All Blacks legend Grant Fox hailed Stephen Larkham as a "class act" after the Australian fly-half recovered top form in Saturday's semi-final win over New Zealand.
Larkham celebrates a momentous performance with his mother
Fox, part of the only All Blacks side to taste World Cup victory in 1987, was dissecting the wreckage of a fourth consecutive Kiwi campaign ending in failure.
But the former fly-half praised Larkham's outstanding contribution to the Wallabies' 22-10 triumph at Sydney's Telstra Stadium.
"Larkham played very well," Fox told the BBC Sport website. "It just proves that form is temporary, class is permanent.
"He has not been too flash up to this point in the tournament, but he got a great platform from his forwards to work off.
"It is probably the first time he has had that sort of platform and he took full advantage."
Where Australia's pack produced a raft of quickly-recycled ball for their half-backs to work with, the supply line to New Zealand stand-off Carlos Spencer was laboured.
And Larkham, whose hold on the Wallaby number 10 jersey appeared tenuous after being replaced in earlier wins over Ireland and Scotland, thrived on the service.
A series of thrusting breaks cut holes in an exposed New Zealand defence, while his precision passing probed for weaknesses in the All Blacks midfield.
Using centre Stirling Mortlock as the focal point and Wendell Sailor and Lote Tuqiri cutting in off their wings, Larkham directed Australia's relentless attacks with aplomb.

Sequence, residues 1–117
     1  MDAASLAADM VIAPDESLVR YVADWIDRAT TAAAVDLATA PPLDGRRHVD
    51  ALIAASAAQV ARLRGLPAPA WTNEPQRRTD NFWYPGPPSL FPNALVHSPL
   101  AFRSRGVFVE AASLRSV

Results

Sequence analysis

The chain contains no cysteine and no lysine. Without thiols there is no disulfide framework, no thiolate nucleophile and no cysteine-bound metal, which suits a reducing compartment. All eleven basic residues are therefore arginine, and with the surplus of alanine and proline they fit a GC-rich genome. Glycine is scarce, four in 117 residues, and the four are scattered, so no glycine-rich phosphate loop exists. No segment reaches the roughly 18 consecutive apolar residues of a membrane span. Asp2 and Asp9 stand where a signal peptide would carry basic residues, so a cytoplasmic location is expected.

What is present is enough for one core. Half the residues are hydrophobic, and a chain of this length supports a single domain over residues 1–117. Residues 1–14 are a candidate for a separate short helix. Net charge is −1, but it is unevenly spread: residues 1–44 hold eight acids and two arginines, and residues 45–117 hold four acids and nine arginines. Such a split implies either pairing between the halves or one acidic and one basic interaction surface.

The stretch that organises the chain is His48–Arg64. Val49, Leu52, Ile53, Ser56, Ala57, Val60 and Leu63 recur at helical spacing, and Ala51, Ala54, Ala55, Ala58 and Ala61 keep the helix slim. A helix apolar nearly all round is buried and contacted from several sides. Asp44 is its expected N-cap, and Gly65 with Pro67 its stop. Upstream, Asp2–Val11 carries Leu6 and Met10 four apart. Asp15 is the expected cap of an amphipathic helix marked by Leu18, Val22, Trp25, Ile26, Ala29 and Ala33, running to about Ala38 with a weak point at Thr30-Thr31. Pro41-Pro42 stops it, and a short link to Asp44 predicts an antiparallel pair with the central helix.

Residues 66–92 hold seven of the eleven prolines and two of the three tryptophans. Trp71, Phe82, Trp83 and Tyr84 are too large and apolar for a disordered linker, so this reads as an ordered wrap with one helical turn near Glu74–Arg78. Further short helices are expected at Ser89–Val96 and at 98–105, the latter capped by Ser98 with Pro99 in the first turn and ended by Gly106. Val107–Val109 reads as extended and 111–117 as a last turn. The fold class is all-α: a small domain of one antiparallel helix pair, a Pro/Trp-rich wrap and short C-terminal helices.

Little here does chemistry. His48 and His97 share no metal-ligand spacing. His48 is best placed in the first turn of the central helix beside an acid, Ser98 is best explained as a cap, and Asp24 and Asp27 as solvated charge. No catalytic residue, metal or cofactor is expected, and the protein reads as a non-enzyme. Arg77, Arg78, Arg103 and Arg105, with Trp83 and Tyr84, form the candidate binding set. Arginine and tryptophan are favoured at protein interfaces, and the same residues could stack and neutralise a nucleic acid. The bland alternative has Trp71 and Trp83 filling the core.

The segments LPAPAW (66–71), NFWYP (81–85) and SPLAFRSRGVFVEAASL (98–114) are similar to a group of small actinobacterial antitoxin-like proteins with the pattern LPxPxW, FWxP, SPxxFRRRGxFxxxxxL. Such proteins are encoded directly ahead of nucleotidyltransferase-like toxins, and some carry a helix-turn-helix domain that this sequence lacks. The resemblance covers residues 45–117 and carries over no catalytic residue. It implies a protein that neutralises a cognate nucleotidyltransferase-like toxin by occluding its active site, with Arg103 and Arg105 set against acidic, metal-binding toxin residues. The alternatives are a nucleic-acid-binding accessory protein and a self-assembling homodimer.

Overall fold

"Stevie was absolutely outstanding," said Australia coach Eddie Jones. "He has copped a reasonable amount of criticism for his performances but he read their defensive pattern very well.
"He took the space when it was available, chipped the ball when it was an option and shifted ball when he could.
"We knew playing against that All Blacks side, Carlos Spencer would be hard on the drift defence which opened up space on the outside for Steve.
"That was probably his best World Cup performance, but I think he will play even better next week."
Larkham cruised past Thorne
While Larkham prospered, Spencer struggled under the pressure of playing catch-up rugby, despite brilliantly setting up a try for captain Reuben Thorne with a jinking run.
But Fox believes Spencer should not be made a scapegoat for New Zealand's defeat, believing Australia highlighted defensive deficiencies already evident against Wales.
"One number 10 doesn't often mark the other 10 in defence," Fox added. "You have got to look at the system.
"The Wallabies clearly worked out that the All Blacks would leave space on the outside, and the only side that has put them under pressure there was Wales.
"Australia obviously looked at that area and they did it very well."
Fox, like all New Zealanders, was left to contemplate four more years of World Cup woe.
"I don't take great pride from being part of the only side to have won it," he added.
"This new breed of guys have set the standard this year but they had a bad day at the office, and at this stage of the tournament, that is the end of it.
"But the sun will still come up tomorrow."